Sustainable housing for Haitians
Architect Joseph Bellomo’s egg-shaped house.
Even though the average temperature in Haiti seldom dips below 75 degrees, building permanent shelter for survivors is imperative for obvious reasons. You’ve probably seen pictures of the tent cities that the estimated 1.5 million homeless are currently living in. So did San Francisco-based architect Jospeh Bellomo, who was working on a modular structure for a client in Hawaii when the hurricane hit. Built to withstand tropical storms with a foundation of only a few concrete blocks, Bellomo immediately thought his project could be a perfect solution for displaced Haitians.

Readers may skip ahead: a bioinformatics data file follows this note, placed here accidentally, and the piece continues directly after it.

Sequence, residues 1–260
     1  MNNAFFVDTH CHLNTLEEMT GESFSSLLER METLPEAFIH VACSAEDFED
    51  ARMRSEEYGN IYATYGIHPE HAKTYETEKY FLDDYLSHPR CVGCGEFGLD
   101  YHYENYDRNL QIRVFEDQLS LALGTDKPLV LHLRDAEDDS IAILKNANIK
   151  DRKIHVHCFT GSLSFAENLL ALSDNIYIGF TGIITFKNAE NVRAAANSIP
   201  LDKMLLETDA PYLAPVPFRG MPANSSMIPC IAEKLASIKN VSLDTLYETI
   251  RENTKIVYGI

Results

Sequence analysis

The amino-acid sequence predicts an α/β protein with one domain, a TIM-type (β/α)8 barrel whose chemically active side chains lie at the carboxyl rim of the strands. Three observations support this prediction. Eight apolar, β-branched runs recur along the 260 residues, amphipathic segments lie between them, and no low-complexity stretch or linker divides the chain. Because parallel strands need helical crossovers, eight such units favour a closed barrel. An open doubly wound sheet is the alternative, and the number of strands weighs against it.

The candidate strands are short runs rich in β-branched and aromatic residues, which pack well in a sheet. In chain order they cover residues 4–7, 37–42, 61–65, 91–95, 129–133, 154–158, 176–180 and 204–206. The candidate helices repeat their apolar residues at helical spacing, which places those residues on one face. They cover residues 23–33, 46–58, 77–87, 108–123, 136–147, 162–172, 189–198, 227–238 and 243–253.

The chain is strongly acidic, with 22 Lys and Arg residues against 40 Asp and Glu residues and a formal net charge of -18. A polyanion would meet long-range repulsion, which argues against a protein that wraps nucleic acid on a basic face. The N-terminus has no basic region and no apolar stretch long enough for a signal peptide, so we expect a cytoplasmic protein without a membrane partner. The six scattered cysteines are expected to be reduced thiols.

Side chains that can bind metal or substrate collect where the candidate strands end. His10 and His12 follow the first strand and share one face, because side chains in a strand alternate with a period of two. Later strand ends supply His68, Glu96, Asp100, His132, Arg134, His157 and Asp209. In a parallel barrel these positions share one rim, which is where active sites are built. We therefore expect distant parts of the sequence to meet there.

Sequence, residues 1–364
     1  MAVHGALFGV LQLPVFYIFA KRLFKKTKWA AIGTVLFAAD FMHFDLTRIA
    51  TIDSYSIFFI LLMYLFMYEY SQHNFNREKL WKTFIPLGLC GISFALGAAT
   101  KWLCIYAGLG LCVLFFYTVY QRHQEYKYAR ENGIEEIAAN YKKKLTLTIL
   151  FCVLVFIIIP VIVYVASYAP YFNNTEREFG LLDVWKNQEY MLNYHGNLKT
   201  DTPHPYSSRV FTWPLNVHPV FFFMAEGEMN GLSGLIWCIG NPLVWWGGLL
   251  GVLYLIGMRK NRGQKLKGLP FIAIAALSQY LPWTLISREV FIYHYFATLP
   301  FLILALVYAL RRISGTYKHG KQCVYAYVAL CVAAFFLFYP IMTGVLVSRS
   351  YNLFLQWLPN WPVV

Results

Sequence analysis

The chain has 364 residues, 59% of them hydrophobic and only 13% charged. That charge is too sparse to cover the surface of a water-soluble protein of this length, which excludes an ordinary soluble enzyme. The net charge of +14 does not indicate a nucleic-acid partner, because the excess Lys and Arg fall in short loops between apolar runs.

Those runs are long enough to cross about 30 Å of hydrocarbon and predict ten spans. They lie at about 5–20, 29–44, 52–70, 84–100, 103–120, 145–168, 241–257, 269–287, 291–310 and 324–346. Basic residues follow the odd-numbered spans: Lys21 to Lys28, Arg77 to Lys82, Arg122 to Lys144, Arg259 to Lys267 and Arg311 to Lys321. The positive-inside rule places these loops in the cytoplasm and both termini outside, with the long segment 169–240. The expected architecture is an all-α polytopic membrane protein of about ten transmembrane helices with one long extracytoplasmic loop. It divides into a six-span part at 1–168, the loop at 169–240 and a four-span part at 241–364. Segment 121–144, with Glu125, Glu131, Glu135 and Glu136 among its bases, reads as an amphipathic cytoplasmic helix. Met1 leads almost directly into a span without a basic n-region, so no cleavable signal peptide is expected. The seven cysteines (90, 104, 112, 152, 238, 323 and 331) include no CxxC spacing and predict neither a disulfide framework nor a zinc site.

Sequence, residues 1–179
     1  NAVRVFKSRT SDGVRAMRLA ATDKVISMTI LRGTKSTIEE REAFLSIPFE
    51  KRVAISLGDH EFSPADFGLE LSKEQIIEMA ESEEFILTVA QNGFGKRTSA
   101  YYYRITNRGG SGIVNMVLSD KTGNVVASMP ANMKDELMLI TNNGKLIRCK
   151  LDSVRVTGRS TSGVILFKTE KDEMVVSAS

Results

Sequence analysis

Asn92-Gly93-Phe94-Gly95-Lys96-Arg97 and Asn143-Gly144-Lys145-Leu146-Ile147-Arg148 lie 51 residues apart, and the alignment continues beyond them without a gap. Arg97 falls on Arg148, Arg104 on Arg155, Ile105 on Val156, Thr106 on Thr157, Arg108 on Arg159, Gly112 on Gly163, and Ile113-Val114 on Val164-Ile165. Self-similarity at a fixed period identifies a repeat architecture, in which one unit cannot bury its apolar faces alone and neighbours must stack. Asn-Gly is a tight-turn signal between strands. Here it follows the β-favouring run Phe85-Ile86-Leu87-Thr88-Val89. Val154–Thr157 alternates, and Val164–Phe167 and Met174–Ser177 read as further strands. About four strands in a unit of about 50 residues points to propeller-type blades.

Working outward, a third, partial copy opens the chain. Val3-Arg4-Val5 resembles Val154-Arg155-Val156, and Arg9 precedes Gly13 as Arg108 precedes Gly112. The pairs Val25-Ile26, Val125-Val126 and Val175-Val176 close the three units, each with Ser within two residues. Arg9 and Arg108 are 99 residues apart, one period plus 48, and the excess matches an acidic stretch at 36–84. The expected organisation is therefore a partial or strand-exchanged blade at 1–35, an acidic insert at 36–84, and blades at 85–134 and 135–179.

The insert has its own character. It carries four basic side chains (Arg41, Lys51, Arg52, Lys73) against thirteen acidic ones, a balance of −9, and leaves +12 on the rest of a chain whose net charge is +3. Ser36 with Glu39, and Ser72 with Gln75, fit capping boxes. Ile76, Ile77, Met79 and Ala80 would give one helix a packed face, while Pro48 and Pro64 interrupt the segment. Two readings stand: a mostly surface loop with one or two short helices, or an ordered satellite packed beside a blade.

While not everyone is a fan of the design, which takes its inspiration from an eggshell (a structure that’s surprisingly strong considering its minimal form), people can at least agree that of all the proposed solutions Bellomo’s makes a lot of sense. Composed of light-weight steel tubes, the design weighs in at a mere 3,000 pounds, substantially less than most cars (a 2010 Prius weighs nearly 4,000 pounds). It provides 150 square-feet of space that can be flat-packed into a 4x10x3 foot box and built much like an IKEA house, only easier. Even better, Bellomo’s design is durable enough to become someone’s permanent home, not just another expensive, temporary solution. Now he just needs to find a sponsor.